If raw firepower is the goal, my money would have been better spent investing that into desktop components, but I am about to move to temporary accommodations which may not have room enough for one, and that is my primary motivation for buying a laptop: this is an investment in making sure I'll always have a sufficiently powerful computer to use, wherever I end up.  However, looked at another way, mobile devices seem to be taking over a lot of the PC's old ground, and so moving to a laptop feels right.

That said, a lot of my time last week was spent working out bugs in this laptop.
  • First was the porting to the NVMe drive, which went a lot easier than expected thanks to this article - I took more time flashing the bios, installing the NVMe, and creating backups in case anything went wrong than I did performing the actual migration, which went off without a hitch.
  • The second problem was the crackling and popping of the sound system, a well known issue with the G751.  I am still not sure I completely solved the problem, but I believe I at least greatly reduced the crackling by changing the minimum processor state in the power settings to 100% and installing the latest drivers.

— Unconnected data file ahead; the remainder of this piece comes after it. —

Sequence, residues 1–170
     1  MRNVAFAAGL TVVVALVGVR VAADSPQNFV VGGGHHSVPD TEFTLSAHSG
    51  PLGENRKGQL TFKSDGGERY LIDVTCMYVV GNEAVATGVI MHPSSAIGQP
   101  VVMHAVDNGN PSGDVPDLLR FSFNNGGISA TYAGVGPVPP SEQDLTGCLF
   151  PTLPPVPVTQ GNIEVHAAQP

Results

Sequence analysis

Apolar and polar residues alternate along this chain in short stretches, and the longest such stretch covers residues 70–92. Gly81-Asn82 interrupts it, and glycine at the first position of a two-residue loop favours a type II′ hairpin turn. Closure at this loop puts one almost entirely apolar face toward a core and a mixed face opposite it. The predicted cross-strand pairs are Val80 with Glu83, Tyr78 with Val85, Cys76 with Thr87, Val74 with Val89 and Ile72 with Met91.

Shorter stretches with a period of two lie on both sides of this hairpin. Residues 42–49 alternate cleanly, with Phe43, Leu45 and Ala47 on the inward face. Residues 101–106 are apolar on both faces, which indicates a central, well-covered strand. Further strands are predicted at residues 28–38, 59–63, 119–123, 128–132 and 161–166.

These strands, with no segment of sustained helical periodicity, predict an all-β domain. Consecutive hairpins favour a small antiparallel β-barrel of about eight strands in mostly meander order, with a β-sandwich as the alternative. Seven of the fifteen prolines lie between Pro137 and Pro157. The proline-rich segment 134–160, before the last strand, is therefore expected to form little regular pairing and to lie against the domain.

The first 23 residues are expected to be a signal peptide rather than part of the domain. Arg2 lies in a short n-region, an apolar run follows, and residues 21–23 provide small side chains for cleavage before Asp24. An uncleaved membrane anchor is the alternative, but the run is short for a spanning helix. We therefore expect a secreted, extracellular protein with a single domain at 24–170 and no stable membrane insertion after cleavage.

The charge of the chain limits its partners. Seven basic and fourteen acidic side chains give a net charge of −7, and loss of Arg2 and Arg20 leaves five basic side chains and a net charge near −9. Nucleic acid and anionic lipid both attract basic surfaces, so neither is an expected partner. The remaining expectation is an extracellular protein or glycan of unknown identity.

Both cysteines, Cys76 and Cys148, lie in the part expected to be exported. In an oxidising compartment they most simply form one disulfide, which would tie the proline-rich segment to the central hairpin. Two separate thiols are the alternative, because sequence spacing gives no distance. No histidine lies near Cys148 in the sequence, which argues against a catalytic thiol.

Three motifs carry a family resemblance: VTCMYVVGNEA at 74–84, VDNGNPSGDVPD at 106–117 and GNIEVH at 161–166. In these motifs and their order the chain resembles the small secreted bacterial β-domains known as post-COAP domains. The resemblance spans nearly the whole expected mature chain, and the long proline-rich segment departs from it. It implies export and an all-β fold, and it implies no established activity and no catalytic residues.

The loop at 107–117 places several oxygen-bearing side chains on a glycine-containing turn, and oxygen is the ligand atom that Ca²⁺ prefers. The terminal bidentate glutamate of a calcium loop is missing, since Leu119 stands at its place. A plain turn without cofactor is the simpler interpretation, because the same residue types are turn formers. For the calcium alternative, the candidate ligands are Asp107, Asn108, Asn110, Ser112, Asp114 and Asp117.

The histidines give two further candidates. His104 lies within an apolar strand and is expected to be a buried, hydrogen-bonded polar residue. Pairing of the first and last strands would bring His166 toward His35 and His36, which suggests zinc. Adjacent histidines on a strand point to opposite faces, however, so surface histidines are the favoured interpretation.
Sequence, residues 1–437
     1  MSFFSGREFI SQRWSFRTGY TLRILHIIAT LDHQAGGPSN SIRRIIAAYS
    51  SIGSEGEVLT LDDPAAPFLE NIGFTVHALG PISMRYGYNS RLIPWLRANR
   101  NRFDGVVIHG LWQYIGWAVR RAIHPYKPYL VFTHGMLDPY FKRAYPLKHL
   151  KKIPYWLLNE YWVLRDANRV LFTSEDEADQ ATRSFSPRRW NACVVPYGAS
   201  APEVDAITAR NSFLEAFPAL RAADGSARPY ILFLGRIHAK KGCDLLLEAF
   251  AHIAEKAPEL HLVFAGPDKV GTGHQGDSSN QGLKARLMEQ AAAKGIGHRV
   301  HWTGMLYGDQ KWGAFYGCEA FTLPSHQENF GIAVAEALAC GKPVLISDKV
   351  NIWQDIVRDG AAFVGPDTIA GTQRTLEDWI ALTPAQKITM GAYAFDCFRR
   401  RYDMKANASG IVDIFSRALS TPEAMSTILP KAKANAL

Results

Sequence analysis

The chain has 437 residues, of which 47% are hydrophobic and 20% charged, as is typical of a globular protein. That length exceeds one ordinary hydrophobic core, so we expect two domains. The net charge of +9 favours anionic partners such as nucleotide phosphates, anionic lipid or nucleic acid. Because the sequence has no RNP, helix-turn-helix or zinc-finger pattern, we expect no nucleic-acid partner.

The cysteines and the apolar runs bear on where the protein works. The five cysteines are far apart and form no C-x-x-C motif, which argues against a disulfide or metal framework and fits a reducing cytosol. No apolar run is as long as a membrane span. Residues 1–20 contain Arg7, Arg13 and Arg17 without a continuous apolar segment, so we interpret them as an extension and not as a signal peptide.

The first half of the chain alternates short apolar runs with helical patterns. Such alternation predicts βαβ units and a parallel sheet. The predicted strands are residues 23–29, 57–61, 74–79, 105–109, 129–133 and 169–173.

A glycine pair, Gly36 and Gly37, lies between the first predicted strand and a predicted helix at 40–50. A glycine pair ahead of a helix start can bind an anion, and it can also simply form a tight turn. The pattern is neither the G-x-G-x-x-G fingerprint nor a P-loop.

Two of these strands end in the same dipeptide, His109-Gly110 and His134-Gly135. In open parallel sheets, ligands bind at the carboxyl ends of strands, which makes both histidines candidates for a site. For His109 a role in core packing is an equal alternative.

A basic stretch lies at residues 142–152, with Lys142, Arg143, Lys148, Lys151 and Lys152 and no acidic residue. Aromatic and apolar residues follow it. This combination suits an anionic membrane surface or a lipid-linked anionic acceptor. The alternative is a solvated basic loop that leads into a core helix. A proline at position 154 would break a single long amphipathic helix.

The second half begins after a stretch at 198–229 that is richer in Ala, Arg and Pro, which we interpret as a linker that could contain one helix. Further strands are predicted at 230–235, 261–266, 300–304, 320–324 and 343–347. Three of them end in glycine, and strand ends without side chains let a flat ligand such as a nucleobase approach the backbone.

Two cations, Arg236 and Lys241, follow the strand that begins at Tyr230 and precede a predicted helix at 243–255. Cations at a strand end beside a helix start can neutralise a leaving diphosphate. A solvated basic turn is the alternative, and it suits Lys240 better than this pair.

• The third problem had to do with my network performance.  I found out it had to do with silly meddling by Asus trying to create this network tunneling gamer enhancement called "Gamefirst."  Silly gimmick, does not work, it made playing Overwatch impossible by messing up the packet schedule.  Once I disabled it from msconfig, the problem disappeared completely.
New hardware, new bugs.  It seems it's forever a PC gamer's fate to do their own troubleshooting, but I am a fairly old hand at it now.  I just hope neither of these sticks of NVMe burn out completely on me any time soon, or this thing will just be an oversized paper weight.  Ram chips should be more stable than a spinning magnetic platter... right?